Corn is already in reproductive stages in many parts of the state, particularly in eastern Kansas. One of the main challenges presented in the last month, besides the lack of precipitation, was the high night temperatures.
Nighttime temperatures started increasing as June progressed. During the first half of the month, for even the warmest locations, lows were greater than 70 degrees F only half of the time. However, during the last part of June and the beginning of July (June 16- July 5), the total number of days with temperatures above 70 degrees F increased in the eastern part of the state to almost three-quarters of the time in the warmest regions (Figure 1).
High nighttime temperatures during the reproductive growth (at or after flowering) can reduce kernel number, and if later in the season, kernel weight. This effect can be explained as an increase in the rate of respiration, increasing the demand for sugar for energy and diminishing its availability for supplying the growing kernels.
In addition, as experienced in many parts of our state, high night temperatures tend to accelerate plant phenology, running more quickly but with overall lower plant efficiency in using available resources. This situation has been documented in many parts of the state as an earlier-than-usual (close to 2 weeks) flowering time. For example, a corn planted during the first week of May was flowering around the first or second week of July in 2017 (depending on the maturity) and a similar corn hybrid this year was reaching the same stage around the last week of June.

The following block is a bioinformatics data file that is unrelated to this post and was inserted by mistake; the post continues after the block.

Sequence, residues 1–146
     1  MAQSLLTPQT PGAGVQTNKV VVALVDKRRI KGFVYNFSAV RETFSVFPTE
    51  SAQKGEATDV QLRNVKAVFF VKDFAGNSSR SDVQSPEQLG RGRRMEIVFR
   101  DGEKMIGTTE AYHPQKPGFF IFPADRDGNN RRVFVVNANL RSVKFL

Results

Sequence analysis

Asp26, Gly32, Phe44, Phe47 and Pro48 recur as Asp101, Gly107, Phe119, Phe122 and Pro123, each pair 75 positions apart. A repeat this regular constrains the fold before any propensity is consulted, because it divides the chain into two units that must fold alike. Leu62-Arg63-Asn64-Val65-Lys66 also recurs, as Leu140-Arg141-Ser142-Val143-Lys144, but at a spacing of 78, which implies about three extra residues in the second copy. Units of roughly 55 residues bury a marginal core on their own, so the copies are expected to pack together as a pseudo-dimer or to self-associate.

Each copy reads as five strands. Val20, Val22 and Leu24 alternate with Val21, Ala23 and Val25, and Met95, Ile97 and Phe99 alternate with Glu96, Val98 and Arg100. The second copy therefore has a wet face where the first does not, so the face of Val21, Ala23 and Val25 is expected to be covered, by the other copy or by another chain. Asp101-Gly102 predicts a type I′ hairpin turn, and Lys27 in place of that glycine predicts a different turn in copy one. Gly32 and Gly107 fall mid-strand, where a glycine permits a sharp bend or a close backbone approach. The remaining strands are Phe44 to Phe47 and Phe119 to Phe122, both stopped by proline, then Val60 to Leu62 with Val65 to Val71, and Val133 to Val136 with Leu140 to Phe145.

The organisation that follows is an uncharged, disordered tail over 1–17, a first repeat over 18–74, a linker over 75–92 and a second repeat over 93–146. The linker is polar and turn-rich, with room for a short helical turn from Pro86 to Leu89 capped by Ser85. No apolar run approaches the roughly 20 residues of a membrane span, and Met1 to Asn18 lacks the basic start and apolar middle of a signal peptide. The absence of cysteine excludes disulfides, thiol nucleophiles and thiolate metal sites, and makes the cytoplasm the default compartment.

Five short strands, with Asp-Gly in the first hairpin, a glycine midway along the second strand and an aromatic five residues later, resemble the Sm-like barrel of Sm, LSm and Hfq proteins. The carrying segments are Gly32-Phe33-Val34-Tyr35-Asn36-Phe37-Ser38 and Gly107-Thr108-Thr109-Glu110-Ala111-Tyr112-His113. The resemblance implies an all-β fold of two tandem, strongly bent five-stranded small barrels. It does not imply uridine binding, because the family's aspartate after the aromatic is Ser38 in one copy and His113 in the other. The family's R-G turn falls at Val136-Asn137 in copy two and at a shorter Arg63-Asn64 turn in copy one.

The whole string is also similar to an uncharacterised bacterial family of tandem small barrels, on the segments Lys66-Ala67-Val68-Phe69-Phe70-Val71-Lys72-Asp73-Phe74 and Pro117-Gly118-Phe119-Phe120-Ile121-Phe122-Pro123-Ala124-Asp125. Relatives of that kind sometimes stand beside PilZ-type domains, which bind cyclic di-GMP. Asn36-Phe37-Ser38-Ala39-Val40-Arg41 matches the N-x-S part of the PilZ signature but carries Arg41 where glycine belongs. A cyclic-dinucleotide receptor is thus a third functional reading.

The effect of high night temperatures will be exacerbated as corn is entering into the most critical growth period (a few days before flowering to grain filling). The consequence of high night temperatures will be reflected in reductions in kernel number (if timing of the stress was around flowering) and/or kernel weight (if timing of stress was coincided with the grain filling period).
In summary, high night temperatures will be impacting corn yields primarily in the eastern part of the state, but the final yield reduction is yet to be determined, clearly depending on the timing of the stress (duration) and the area of the state affected.
Scout your corn fields and stay tuned for more information in upcoming eUpdate issues!
Ignacio A. Ciampitti, Crop Production and Cropping Systems Specialist
Mary Knapp, Weather Data Library